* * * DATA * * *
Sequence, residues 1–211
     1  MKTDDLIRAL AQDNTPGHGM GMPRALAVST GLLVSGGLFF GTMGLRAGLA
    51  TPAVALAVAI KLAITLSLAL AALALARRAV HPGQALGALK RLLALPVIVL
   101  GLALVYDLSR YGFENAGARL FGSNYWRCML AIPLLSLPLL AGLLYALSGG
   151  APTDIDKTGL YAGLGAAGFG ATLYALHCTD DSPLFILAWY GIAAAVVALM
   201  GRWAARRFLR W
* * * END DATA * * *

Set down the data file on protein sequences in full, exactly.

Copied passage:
Sequence, residues 1–211
     1  MKTDDLIRAL AQDNTPGHGM GMPRALAVST GLLVSGGLFF GTMGLRAGLA
    51  TPAVALAVAI KLAITLSLAL AALALARRAV HPGQALGALK RLLALPVIVL
   101  GLALVYDLSR YGFENAGARL FGSNYWRCML AIPLLSLPLL AGLLYALSGG
   151  APTDIDKTGL YAGLGAAGFG ATLYALHCTD DSPLFILAWY GIAAAVVALM
   201  GRWAARRFLR W